To the surprise of the liberal supporters of President Obama, Secretary of Defense Robert M. Gates is a star in his cabinet.
As one of only two Republicans in the hierarchy of the Obama administration, and a holdover from the controversial Bush-Cheney days, Gates has been a steady and valued member of the national security team.
Some eyebrows were raised by Democrats when Gates was chosen. But he has made perfect sense as a transitional leader in two ongoing wars and has been a real listener to his commanders.
Of course, many will argue that he is merely the un-Rumsfeld, a welcome relief from Donald Rumsfeld's headstrong methods at the Pentagon. When Rumsfeld left, with a push from President Bush, Gates answered the call to service. He left a cushy job as president of Texas A&M University to take the job.
It was never pinned down, but most believe it was Bush's father who urged him to bring Gates to Washington. Bush 41's presidential library is at Texas A&M and the two have had connections for many years.
On Capital Hill, where Rumsfeld's manner always grated on Democrats, Gates has been a welcome relief. He does not lecture or look down his nose at questioners. (Rumsfeld, to be fair, should be credited for being an outstanding White House chief of staff when Gerald Ford was president. Rumsfeld returned from his post as NATO ambassador to quickly remove the remainder of Richard Nixon's staff to give Ford his own team.)
In recent days, Gates has taken on a new mission. His budget submitted to Congress calls for a more streamlined defense and an end to unreliable and dated weapons systems, such as the expensive F-22 aircraft, and the overpriced helicopters for use of the president.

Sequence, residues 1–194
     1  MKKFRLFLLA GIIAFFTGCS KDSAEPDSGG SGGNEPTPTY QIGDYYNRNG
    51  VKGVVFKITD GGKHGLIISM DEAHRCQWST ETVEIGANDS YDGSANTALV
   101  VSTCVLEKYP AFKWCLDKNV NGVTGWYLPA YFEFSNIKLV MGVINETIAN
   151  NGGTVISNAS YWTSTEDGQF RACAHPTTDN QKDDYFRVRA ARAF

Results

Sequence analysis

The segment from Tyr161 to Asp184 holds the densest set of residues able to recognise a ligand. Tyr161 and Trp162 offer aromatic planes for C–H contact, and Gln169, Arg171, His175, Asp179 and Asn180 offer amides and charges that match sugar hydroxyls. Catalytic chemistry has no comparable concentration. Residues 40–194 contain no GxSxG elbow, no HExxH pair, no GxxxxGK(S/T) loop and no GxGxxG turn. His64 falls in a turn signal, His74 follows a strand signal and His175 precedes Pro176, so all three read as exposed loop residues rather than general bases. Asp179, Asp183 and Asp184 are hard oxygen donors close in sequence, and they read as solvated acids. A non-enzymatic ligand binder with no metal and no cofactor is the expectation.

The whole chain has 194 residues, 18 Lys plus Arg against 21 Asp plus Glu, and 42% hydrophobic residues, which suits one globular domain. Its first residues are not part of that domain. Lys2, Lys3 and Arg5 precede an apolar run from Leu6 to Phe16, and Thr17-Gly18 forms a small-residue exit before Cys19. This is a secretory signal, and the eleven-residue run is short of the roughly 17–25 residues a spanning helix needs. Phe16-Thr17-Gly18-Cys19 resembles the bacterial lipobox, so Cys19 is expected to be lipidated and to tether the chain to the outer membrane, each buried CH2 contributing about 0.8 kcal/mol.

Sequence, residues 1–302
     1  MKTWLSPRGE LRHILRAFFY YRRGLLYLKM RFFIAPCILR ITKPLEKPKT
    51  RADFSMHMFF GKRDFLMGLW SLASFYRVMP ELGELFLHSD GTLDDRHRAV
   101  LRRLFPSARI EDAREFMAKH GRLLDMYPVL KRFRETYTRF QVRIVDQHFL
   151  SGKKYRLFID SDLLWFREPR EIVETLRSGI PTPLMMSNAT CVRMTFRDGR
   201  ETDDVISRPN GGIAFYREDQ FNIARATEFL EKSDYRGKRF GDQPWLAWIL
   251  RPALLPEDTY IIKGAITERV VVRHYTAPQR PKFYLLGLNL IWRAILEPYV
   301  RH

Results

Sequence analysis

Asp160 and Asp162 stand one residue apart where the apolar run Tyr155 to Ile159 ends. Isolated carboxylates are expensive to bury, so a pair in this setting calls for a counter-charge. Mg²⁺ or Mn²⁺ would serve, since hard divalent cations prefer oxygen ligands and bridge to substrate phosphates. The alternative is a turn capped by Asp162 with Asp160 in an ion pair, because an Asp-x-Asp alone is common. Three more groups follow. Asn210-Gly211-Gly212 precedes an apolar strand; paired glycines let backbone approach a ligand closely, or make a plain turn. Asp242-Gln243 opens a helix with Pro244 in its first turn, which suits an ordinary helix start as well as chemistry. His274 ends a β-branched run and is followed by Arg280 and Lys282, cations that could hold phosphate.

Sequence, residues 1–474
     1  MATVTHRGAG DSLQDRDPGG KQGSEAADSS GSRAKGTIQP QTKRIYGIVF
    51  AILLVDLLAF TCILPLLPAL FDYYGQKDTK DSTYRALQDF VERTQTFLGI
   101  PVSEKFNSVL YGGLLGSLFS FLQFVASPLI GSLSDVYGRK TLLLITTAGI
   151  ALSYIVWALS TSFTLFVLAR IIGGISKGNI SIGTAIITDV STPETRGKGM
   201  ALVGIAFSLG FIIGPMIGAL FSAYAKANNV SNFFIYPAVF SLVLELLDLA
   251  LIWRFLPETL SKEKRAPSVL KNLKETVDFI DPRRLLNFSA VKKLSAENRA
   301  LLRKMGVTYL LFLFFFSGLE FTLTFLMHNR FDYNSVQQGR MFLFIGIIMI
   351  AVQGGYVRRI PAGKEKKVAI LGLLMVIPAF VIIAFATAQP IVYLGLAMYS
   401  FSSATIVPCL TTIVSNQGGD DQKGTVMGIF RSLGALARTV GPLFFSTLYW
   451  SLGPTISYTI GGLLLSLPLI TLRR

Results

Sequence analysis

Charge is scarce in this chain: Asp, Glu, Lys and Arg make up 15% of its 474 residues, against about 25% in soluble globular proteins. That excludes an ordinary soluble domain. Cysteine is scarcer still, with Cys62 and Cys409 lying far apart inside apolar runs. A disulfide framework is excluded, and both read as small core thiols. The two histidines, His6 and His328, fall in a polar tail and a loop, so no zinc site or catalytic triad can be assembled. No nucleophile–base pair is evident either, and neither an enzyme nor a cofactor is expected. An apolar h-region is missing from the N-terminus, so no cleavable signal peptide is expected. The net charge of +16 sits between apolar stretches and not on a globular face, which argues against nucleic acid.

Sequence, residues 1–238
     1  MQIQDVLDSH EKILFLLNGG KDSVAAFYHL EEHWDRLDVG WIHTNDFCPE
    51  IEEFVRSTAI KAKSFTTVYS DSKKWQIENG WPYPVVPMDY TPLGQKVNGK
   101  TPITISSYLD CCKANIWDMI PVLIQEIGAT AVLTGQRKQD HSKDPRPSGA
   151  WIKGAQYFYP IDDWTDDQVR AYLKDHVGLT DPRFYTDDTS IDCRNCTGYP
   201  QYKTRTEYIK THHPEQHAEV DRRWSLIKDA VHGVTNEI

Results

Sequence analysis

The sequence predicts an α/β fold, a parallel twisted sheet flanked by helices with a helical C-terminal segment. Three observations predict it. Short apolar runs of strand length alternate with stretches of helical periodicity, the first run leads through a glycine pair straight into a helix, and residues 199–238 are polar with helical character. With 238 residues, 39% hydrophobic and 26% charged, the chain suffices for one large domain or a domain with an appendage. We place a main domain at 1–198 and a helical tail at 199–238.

Gates said he hoped his budget would avoid the parochial interests in Congress for the common good. He must have known the cries of foul would come from Republicans as well as Democrats who have defense facilities in their districts.
For example, Sen. Saxby Chambliss, Republican of Georgia, said the Gates budget was putting our defense at risk. He neglected to say that more money was going to the troops who need it most of all. Those on the front line in Afghanistan and Iraq, as well as disturbed veterans coming home after extended tours, are more important.
There was a bump in Gates's career as a public servant. As deputy director of the CIA during the Iran-contra scandal in the Reagan administration, he was accused on Capital Hill of having a memory loss on how illegal arms got to the contras in Nicaragua. Gates withdrew his name as nominee to head the CIA as Democrats complained about his role.
But that episode should not detract from Gates' current service under two presidents.
A New York Times editorial in recent days praised the Gates budget, but said it was only a start for what needed to be done.
It would seem to me an outstanding start for one who could have stayed on in College Station as president of the Texas Aggies.
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